- The Washington Times - Tuesday, March 3, 2009

Barack Obama probably wouldn’t be president if he hadn’t taken a strong stand against the war in Iraq. He was an underdog to Sen. Hillary Clinton when the Democratic primaries began, and needed an issue to distinguish himself from her. He chose her vote to authorize the war.

The strategy worked. Mr. Obama gained the support of the antiwar left, which was crucial in the early primaries.

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After he wrapped up the nomination, Mr. Obama talked less about Iraq, partly because the extreme position he had taken wasn’t as appealing to a general election electorate, partly because by last summer the troop surge was clearly working.

But even during the Democratic primaries Mr. Obama talked about another war, the war in Afghanistan. That was the important war, he said. He would beef up the U.S. presence there.

Strategically, Mr. Obama’s emphasis on Afghanistan was nutty. Iraq, a populous, oil-rich country in the heart of the Arab world, is strategically critical. Afghanistan is a backward bywater.

But politically, it made a great deal of sense. The moonbats, thrilled by his opposition to the war in Iraq, overlooked Mr. Obama’s hawkish rhetoric about Afghanistan. And no Republican could accuse him of being weak on national security. He wasn’t against fighting America’s enemies; he just wanted to fight them in the right place.

But a national security policy designed chiefly for its effects on domestic politics has its drawbacks. President Obama says little about Iraq these days, since he is essentially following George W. Bush’s strategy there. And Afghanistan - where he has announced he will boost U.S. troop strength by 17,000 - has become “his” war.

That war isn’t going well. “Nearly every indicator in Afghanistan is heading in the wrong direction,” Sen. John McCain, Arizona Republican, said in a speech Feb 25. “The number of insurgent attacks was higher every single week in 2008 than during the same week in 2007.”

With the war in Iraq all but over, the antiwar left is developing a predictable queasiness about Afghanistan. “We’ve seen a hopeful presidency, Lyndon Johnson’s presidency, burn up in the furnace of war,” President Obama’s onetime pal, former domestic terrorist Bill Ayers, said in an interview Feb. 23. “I fear that this brilliant young man, could easily burn their prospect of a great presidency in the war in Afghanistan.”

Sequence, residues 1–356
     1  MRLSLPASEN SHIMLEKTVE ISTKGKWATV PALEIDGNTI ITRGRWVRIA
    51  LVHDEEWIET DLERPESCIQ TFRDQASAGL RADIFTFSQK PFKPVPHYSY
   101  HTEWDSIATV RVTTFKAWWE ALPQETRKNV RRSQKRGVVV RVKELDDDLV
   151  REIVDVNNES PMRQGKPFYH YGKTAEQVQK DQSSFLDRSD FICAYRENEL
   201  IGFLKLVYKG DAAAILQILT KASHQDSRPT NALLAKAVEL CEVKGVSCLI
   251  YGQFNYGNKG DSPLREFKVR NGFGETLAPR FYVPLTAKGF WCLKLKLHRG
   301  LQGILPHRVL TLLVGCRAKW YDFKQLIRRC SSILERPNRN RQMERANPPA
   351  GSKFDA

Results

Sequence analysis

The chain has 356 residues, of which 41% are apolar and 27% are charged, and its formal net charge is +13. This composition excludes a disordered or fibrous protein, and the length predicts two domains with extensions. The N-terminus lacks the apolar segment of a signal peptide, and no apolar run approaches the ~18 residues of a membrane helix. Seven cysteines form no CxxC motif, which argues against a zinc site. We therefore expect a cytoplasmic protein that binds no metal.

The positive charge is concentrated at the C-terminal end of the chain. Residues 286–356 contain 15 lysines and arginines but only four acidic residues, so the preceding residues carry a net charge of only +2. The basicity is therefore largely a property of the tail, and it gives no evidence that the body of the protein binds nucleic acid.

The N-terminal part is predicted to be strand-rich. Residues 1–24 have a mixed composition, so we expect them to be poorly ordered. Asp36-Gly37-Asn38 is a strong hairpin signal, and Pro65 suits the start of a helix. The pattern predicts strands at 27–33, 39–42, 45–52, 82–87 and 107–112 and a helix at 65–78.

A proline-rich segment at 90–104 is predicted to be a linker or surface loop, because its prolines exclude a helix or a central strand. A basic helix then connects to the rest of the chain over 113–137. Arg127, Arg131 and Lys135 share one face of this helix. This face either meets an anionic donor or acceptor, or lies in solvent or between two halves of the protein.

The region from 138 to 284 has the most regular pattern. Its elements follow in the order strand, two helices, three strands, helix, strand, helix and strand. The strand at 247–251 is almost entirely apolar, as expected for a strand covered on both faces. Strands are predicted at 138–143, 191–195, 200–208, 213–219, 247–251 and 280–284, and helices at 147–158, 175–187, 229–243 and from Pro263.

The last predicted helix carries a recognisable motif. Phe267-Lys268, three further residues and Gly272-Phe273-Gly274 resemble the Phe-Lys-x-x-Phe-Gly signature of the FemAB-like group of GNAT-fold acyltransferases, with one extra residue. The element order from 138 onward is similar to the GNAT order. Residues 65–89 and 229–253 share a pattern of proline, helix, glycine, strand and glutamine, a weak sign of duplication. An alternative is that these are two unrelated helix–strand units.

Mr. Obama has ordered an interagency review of U.S. policy in Afghanistan, to be completed before the NATO summit meeting in April. Such a review is long overdue.

“It’s our own failed policies that are the problem,” Mr. McCain said. “We have tried to win this war without enough troops, without sufficient economic aid, without effective coordination, and without a clear strategy.”

There is no doubt egregious, unforced errors have greatly complicated the situation in Afghanistan. Lewis Irwin, a professor at Duquesne University and a colonel in the Army Reserve who spent six months in 2007-08 as an adviser to the Afghan national police, described in an off-the-record discussion with the editorial board of the Pittsburgh Post-Gazette mind-blowing examples of insularity and lack of coordination between the U.S. military and civilian agencies, and between the United States and other NATO governments. But the fundamental strategic situation is this: We cannot lose in Afghanistan as long as we maintain a major military presence there. But we cannot win as long as the Taliban has a safe haven in Pakistan.

Afghanistan has become the principal front in the war on terror, and that’s curious, because we are fighting there the Taliban, not al Qaeda. The Taliban are evil, mean, nasty, rotten guys. But they want to control Afghanistan, not blow up shopping malls in Miami.

We can’t just walk away from Afghanistan, as the antiwar left would like to do. But we need a clear-headed understanding of what our strategic goals are there, what it is likely to cost to achieve them, and whether the American people are willing to bear that cost.

Jack Kelly, a syndicated columnist, is a former Marine and Green Beret and a former deputy assistant secretary of the Air Force in the Reagan administration. He is national security writer for the Pittsburgh (Pa.) Post-Gazette.

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